Pegasus: No cell phone is free from the risk of Spyware

"Robbed by a ghost": Pegasus spyware found in US journalists

The Pegasus surveillance tool, from the Israeli company NSO, is a worldwide bestseller because it allows live spying on smartphones and computers. An international investigative team first reported the extent of global espionage on July 18, 2021.

Customers are said to include German government agencies that want to use the spy software to track down suspected terrorists and other criminals. Whether the Federal Criminal Police Office (BKA) or the Federal Intelligence Service (BND), which is responsible abroad, uses Pegasus as a so-called”state Trojan”, there is neither an official confirmation nor a denial, even a year after the revelations.

The federal government has also refused to provide specific information to Martina Renner (of the La Izquierda party), a member of the Bundestag, and her parliamentary group for a year. The reason often given is that the information “greatly affects the welfare of the state to a particularly high degree”.

Renner expresses his outrage in an interview with DW: “There is still no transparency and I am concerned that the software is still being used.” Among other things, Pegasus can be used to control a laptop’s camera or turn on a mobile phone’s microphone, the parliamentarian describes important features of spyware. The Left party is convinced that this instrument is used by the German security authorities.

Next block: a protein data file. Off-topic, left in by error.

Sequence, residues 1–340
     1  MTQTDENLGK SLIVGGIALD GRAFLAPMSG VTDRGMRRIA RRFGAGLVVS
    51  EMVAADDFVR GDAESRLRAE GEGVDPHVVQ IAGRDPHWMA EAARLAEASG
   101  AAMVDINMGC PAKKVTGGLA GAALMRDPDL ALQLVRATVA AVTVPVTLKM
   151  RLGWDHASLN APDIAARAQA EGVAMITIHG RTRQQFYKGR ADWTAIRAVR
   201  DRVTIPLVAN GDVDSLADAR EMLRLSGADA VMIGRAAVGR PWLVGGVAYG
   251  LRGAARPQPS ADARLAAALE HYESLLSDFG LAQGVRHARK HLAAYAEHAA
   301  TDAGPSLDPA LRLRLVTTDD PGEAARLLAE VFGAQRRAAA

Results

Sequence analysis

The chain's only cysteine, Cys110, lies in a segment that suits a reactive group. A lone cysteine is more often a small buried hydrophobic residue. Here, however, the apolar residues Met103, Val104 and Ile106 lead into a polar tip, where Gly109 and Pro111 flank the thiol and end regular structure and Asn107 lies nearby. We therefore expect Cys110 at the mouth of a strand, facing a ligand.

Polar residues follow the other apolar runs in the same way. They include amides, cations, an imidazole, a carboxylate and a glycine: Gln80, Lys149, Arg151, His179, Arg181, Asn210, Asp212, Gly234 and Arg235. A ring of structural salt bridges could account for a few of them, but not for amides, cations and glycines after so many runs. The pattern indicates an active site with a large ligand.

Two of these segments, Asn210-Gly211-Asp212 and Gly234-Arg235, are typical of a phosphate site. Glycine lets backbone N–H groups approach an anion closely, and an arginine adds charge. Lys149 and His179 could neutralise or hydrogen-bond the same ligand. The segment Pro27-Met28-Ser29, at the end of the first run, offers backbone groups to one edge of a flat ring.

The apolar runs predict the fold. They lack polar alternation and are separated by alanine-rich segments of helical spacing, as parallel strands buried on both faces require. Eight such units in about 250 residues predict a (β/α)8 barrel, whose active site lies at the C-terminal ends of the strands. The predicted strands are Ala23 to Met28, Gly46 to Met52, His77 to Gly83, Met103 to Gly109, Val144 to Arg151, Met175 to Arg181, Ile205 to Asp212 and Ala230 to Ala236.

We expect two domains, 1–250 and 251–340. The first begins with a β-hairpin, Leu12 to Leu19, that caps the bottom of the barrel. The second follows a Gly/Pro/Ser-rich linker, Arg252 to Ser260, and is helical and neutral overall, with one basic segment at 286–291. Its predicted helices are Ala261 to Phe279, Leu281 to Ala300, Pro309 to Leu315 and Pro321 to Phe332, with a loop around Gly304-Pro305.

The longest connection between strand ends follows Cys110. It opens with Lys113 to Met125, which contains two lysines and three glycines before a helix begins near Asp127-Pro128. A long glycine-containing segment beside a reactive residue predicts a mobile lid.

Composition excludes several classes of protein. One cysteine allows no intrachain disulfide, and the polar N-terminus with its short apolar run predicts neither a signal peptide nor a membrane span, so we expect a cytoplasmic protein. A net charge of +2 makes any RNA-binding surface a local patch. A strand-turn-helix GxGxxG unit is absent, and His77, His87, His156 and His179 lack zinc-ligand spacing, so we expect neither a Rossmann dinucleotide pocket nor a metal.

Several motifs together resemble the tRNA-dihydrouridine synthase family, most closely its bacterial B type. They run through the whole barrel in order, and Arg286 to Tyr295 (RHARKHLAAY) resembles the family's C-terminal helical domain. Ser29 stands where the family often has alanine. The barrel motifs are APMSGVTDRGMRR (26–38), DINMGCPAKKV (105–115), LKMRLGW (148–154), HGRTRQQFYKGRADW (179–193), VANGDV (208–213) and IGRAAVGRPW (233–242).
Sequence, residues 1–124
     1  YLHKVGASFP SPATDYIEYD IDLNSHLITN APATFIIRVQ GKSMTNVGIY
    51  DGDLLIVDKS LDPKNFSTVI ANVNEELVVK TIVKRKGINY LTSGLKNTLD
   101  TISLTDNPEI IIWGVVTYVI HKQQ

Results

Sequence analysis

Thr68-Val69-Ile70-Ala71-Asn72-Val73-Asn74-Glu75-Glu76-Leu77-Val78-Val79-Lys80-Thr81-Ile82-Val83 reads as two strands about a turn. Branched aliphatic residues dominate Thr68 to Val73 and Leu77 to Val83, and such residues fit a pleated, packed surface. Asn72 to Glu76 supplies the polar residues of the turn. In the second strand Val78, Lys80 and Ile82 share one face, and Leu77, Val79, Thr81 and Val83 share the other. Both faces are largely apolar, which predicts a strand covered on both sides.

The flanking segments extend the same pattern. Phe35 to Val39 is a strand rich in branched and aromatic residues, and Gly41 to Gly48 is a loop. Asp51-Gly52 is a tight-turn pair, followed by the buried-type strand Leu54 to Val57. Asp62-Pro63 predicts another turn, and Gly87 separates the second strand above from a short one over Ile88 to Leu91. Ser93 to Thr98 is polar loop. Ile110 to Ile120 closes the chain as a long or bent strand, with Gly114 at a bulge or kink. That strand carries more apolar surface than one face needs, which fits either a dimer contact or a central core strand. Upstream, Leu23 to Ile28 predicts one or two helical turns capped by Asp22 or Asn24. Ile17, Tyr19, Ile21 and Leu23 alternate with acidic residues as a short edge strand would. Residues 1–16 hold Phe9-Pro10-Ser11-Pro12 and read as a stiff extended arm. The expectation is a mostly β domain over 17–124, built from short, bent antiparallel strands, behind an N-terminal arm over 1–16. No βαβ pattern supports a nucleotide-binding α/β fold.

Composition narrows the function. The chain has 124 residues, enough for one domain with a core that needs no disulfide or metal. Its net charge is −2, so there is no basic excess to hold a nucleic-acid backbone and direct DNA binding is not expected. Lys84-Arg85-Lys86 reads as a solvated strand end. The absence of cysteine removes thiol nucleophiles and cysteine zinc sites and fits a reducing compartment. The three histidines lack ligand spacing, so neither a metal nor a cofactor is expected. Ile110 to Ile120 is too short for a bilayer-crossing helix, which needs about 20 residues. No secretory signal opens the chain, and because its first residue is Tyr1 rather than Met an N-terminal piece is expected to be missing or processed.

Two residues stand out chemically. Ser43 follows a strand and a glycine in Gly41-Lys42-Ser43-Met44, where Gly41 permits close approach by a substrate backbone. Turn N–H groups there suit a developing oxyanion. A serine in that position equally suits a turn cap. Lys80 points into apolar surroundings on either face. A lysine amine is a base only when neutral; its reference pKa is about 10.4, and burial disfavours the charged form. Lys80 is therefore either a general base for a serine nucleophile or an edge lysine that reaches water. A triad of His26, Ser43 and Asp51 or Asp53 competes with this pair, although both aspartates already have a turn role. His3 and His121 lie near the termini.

The NGO Reporters Without Borders also believes that Pegasus has been acquired by Germany. Helene Hahn, an expert on Internet freedom, considers in DW that the behavior of the current federal government is “undemocratic”. Parliament cannot fulfill its control function if the Federal Ministry of the Interior does not want to provide information on “whether and to what extent Pegasus and other surveillance software are used by the police and secret services,” she says.

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According to Reporters Without Borders, the lack of transparency undermines Germany’s credibility. The revelations have shown “that these surveillance programs blatantly violate human rights and put those affected in mortal danger around the world.”

The most extreme example is the murder of Saudi journalist Jamal Khashoggi in 2018. Many indications point to Pegasus being used to spy on the victim’s surroundings when planning the crime. Helene Hahn also mentions the alleged use of spy software in European Union (EU) countries. Hungary and Poland are accused of using this surveillance tool to spy on journalists and members of the opposition.

The Pegasus scandal has also reached the courts a long time ago. “Hundreds of surveillance cases are now known,” says Helene Hahn of Reporters Without Borders. The human rights organization has been supporting those affected since October 2021 in the courts of Paris and before the administrative courts in Germany. But those affected are still waiting for a decision.

Just in time for the anniversary of the Pegasus revelations, Reporters Without Borders launches its Digital Security Lab, which helps better prevent the dangers of online surveillance. Target audience: Journalists who fear that their phone or computer is being spied on digitally, infected with a virus, or that one of their accounts has been hacked.

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